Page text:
During my time in the creative services and Web technology industries, a point of frustration has been that a lot of potentially productive energy is squandered as practitioners argue about whether a solution is one or more of the following:
- Web Content Management (WCM) or
- Digital Asset Management (DAM) or
- Enterprise Content Management (ECM) or
- Learning Content Management (LCM) or
- Some Other Acronym
So that we may bypass such distractions, let me say the following:
- All digital assets are content; however…
- Not all content can be considered an asset.
- Content must provide organizational value to be considered digital asset.
That being said, my question is what makes a digital liability?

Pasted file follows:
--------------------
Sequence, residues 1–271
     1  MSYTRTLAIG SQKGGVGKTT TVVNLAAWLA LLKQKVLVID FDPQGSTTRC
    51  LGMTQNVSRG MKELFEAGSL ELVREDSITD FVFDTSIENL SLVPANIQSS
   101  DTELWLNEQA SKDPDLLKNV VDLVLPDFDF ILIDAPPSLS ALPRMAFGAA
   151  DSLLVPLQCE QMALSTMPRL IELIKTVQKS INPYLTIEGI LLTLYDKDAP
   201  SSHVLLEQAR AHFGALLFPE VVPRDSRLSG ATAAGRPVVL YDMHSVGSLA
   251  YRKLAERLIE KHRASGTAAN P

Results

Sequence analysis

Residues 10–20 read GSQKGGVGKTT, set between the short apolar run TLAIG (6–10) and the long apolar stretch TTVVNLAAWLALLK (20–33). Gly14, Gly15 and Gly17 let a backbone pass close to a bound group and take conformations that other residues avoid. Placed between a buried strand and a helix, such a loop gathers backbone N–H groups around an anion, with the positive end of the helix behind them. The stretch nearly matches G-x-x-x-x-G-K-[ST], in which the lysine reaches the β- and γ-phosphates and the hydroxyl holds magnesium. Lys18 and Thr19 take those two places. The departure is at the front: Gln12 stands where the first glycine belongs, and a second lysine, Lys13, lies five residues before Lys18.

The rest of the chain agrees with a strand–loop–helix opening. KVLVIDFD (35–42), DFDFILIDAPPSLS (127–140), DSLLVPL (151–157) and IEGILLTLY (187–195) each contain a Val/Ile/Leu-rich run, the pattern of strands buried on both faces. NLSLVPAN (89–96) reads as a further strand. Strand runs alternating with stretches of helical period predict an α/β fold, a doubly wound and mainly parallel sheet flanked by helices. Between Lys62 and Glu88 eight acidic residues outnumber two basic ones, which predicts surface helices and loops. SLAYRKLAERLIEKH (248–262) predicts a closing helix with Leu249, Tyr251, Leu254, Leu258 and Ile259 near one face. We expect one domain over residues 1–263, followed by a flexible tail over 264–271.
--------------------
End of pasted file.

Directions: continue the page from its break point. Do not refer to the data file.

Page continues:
There are many attributes about a content item that can diminish its value. These are a few that come to mind:
- Digital master is of insufficient resolution, improper color space, or inadequate frame rate (for video).
- Content is improperly described by metadata.
- Multiple replicas (or approximations) of a content item are stored many different locations. This can include copies nested in files system directories or stored in offline media.
- Organizational technologies or processes don’t provide adequate reuse/repurposing opportunities.
- Inconsistent modifications among language derivatives of content items.
- Orphaned files where renditions, or proxies become detached from their source files
- Inadequate archival policy
- Compound content (from Quark, HTML, InDesign, etc.) that is ‘unaware’ of the locations of its supporting files such as photos and illustrations.
In short, if your content can’t be found, used, transformed, or shared then it is a digital liability.